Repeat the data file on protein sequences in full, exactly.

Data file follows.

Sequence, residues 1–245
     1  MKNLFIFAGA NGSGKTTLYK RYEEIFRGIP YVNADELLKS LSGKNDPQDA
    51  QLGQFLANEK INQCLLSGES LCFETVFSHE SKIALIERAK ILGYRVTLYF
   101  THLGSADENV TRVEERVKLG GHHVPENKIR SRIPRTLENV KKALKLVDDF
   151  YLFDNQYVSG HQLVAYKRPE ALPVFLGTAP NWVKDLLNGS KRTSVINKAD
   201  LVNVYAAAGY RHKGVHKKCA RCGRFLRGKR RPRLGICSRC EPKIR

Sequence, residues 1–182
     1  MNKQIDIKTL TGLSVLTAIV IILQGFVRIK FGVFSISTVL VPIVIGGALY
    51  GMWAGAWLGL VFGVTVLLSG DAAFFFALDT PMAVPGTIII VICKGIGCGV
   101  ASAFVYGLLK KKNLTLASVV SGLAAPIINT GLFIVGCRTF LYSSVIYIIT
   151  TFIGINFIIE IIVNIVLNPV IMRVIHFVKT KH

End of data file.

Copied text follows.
Sequence, residues 1–245
     1  MKNLFIFAGA NGSGKTTLYK RYEEIFRGIP YVNADELLKS LSGKNDPQDA
    51  QLGQFLANEK INQCLLSGES LCFETVFSHE SKIALIERAK ILGYRVTLYF
   101  THLGSADENV TRVEERVKLG GHHVPENKIR SRIPRTLENV KKALKLVDDF
   151  YLFDNQYVSG HQLVAYKRPE ALPVFLGTAP NWVKDLLNGS KRTSVINKAD
   201  LVNVYAAAGY RHKGVHKKCA RCGRFLRGKR RPRLGICSRC EPKIR

Sequence, residues 1–182
     1  MNKQIDIKTL TGLSVLTAIV IILQGFVRIK FGVFSISTVL VPIVIGGALY
    51  GMWAGAWLGL VFGVTVLLSG DAAFFFALDT PMAVPGTIII VICKGIGCGV
   101  ASAFVYGLLK KKNLTLASVV SGLAAPIINT GLFIVGCRTF LYSSVIYIIT
   151  TFIGINFIIE IIVNIVLNPV IMRVIHFVKT KH